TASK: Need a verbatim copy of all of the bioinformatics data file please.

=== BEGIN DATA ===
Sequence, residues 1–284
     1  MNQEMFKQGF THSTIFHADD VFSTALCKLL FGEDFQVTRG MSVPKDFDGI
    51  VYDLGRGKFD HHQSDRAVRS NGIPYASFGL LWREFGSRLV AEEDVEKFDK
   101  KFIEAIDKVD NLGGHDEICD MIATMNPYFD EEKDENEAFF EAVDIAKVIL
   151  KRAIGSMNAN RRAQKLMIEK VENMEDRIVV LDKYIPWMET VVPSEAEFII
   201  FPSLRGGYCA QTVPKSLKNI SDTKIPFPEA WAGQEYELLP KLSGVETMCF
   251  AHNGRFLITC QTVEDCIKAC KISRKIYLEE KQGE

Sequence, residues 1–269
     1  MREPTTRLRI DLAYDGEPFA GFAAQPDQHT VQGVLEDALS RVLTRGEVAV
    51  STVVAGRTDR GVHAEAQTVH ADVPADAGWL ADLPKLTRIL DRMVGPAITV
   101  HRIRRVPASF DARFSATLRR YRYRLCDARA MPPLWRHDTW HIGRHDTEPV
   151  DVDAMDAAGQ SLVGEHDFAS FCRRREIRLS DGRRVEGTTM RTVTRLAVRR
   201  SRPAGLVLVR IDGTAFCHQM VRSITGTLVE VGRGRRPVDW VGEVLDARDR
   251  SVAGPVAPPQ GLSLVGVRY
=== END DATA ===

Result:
Sequence, residues 1–284
     1  MNQEMFKQGF THSTIFHADD VFSTALCKLL FGEDFQVTRG MSVPKDFDGI
    51  VYDLGRGKFD HHQSDRAVRS NGIPYASFGL LWREFGSRLV AEEDVEKFDK
   101  KFIEAIDKVD NLGGHDEICD MIATMNPYFD EEKDENEAFF EAVDIAKVIL
   151  KRAIGSMNAN RRAQKLMIEK VENMEDRIVV LDKYIPWMET VVPSEAEFII
   201  FPSLRGGYCA QTVPKSLKNI SDTKIPFPEA WAGQEYELLP KLSGVETMCF
   251  AHNGRFLITC QTVEDCIKAC KISRKIYLEE KQGE

Sequence, residues 1–269
     1  MREPTTRLRI DLAYDGEPFA GFAAQPDQHT VQGVLEDALS RVLTRGEVAV
    51  STVVAGRTDR GVHAEAQTVH ADVPADAGWL ADLPKLTRIL DRMVGPAITV
   101  HRIRRVPASF DARFSATLRR YRYRLCDARA MPPLWRHDTW HIGRHDTEPV
   151  DVDAMDAAGQ SLVGEHDFAS FCRRREIRLS DGRRVEGTTM RTVTRLAVRR
   201  SRPAGLVLVR IDGTAFCHQM VRSITGTLVE VGRGRRPVDW VGEVLDARDR
   251  SVAGPVAPPQ GLSLVGVRY